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Non-compliant insurance plans get 3-year stay

By Lydia Nuzum, Staff writer

West Virginians who enrolled in health insurance plans incompatible with the Affordable Care Act before its onset will now have three more years to choose a new plan, according to the state’s insurance chief.

West Virginia Insurance Commissioner Mike Riley said Gov. Earl Ray Tomblin made the decision to extend the allowable period for ACA non-compliant plans on April 10. On March 5, the federal government decided to allow those with non-compliant plans to keep them through October 2017 if their states and insurance companies allow it.

The decision likely will impact only a small portion of the population enrolled in the small-group marketplace. According to Riley, the governor based his decision on feedback from various insurers who indicated that some of their customers had renewed non-compliant plans through 2014, the previous deadline for switching to an ACA compliant plan. 

“It’s up to the carriers as to whether they want to offer non-compliant plans through that much longer period,” Riley said. “It seemed like a necessary decision. The original decision had placed the deadline at the end of 2014, but our carriers had reported to us that they had already offered some policyholders plans that they would retain through 2014. This was the best way to address it.”

Fred Earley, president of Highmark West Virginia, said his company has not decided yet whether it will extend non-compliant coverage to its small group customers. Highmark, the largest insurance company in the state, was the only company to opt into West Virginia’s ACA insurance marketplace.

“The Affordable Care Act has resulted in a good bit of disruption in the way small-group plans function,” he said. “In terms of the way we had rated the small group system, really for the last 20 years — which worked very well — the inclusion of the ACA changed that significantly. For some groups, it was better; for other groups, it was worse.” 

Earley said one of his concerns about allowing an extension is the effect it will have on Highmark’s risk pool for its small-group plans. A risk pool is a system of risk management that allows insurance companies to group customers together in order to lessen the costs of paying claims.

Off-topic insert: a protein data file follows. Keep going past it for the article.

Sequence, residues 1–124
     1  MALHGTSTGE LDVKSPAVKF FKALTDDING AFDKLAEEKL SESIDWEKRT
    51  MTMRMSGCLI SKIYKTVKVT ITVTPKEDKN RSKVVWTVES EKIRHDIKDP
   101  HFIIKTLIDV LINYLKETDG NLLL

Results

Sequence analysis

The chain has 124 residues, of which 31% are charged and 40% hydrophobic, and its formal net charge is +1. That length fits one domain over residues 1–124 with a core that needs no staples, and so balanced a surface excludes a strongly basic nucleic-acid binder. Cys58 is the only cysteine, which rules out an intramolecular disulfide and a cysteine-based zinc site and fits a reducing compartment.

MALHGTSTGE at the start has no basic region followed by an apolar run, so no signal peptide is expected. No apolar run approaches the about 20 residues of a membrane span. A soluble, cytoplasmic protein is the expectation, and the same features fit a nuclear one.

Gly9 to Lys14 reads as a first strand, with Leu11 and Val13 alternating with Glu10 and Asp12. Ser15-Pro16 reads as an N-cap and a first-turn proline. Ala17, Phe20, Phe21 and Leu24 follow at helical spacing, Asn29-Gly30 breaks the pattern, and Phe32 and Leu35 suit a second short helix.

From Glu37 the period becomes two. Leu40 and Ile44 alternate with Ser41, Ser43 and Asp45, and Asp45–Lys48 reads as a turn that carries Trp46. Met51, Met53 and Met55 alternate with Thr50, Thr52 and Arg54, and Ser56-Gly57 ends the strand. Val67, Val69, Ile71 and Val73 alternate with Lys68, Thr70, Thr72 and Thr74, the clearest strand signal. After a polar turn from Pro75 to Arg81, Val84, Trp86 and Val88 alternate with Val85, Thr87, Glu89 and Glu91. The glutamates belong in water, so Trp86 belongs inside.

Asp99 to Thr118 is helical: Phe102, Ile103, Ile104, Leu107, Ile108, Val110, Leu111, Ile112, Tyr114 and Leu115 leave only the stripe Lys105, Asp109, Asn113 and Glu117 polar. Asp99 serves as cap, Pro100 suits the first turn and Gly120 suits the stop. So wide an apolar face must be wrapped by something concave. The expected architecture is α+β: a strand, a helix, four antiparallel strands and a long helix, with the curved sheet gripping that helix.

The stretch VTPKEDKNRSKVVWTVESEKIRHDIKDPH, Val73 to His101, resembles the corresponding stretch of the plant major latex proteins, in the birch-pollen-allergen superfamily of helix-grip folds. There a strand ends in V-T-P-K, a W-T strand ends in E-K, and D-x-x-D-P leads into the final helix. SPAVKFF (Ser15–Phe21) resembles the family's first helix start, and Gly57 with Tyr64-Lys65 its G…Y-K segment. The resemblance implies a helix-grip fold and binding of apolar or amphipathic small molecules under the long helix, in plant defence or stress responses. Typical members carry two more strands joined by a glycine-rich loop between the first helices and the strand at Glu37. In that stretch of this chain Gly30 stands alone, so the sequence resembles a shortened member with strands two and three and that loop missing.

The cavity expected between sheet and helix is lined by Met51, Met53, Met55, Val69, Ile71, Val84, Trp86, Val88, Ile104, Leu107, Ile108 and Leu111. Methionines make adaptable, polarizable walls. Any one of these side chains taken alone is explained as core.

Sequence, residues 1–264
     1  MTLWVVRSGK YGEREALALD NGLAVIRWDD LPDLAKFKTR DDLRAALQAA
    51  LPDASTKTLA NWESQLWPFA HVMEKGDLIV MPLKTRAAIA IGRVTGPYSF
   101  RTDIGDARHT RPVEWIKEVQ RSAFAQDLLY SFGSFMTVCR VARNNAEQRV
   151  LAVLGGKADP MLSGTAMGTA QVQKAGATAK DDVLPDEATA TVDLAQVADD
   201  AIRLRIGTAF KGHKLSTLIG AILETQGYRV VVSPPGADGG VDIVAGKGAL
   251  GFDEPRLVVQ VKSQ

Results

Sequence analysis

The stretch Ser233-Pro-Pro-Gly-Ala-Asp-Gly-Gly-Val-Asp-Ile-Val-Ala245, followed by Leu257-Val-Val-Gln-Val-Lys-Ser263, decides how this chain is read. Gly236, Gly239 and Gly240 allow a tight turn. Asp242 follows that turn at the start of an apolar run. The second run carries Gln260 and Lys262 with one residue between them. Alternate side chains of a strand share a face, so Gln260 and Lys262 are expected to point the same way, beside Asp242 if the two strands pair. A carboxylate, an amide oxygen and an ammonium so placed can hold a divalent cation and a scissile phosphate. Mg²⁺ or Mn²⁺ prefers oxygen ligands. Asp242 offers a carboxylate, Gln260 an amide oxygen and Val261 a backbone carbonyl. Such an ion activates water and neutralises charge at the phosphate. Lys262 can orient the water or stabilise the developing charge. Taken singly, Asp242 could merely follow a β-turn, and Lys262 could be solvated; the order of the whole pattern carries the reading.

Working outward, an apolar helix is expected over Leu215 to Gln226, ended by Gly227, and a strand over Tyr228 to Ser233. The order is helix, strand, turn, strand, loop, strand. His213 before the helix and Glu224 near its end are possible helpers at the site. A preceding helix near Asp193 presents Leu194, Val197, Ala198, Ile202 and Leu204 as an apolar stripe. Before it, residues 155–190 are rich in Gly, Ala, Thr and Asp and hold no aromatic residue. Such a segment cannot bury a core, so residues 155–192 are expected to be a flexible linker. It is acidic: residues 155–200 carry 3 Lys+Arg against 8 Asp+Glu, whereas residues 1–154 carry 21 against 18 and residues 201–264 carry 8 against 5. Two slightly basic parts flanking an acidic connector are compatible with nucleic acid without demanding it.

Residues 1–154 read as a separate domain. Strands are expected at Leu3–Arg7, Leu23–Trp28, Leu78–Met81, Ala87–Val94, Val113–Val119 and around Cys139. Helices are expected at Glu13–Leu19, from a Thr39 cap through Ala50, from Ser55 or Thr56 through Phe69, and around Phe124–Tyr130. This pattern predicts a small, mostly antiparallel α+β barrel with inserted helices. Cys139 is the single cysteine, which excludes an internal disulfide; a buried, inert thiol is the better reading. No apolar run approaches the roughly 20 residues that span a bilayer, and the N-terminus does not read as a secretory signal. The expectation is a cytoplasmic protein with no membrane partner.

“Allowing this additional transition period is fracturing the small group risk market,” Earley said. “Some will be allowed to purchase a new product, and some will be allowed to continue on their non-compliant product. Whenever a risk pool is broken into smaller pieces, it will have adverse effects, so we’re still working on trying to balance that out.” 

David Mathieu, vice president of marketing and underwriting for The Health Plan of the Upper Ohio Valley, West Virginia’s second-largest insurer, said his agency had opted into the extension. Mathieu estimated that The Health Plan insures roughly 5,000 people in the small-group marketplace, and said the company felt extending coverage would be the best decision to help some of those customers.

“We have been permitted to offer these non-compliant plans through 2017,” Mathieu said. “Unfortunately, there was a period of a few months where some customers chose a plan, and what’s going to be confusing is that those customers who chose non-compliant plans during that time will have to stay on those plans [through 2014], while the other half, who have anniversary dates between July and December, have the opportunity to sign up for the plan we now have. Half of our folks will be compliant, and half will be non-compliant.” 

Brandon Merritt, a health- policy analyst for the West Virginia Center on Budget and Policy, said the decision impacts a small segment of the state’s population. He said roughly 55 percent of those insured through the state receive their insurance through a large employer or through PEIA, and more than 30 percent receive public insurance, such as Medicaid or Medicare. 

“All in all, this makes me feel like this won’t have a huge impact on the way the ACA is implemented,” Merritt said. “It shouldn’t impact the implementation in West Virginia much, because we have one of the smallest individual markets in the country.”

Reach Lydia Nuzum at lydia.nuzum@wvgazette.com or 304-348-5189.


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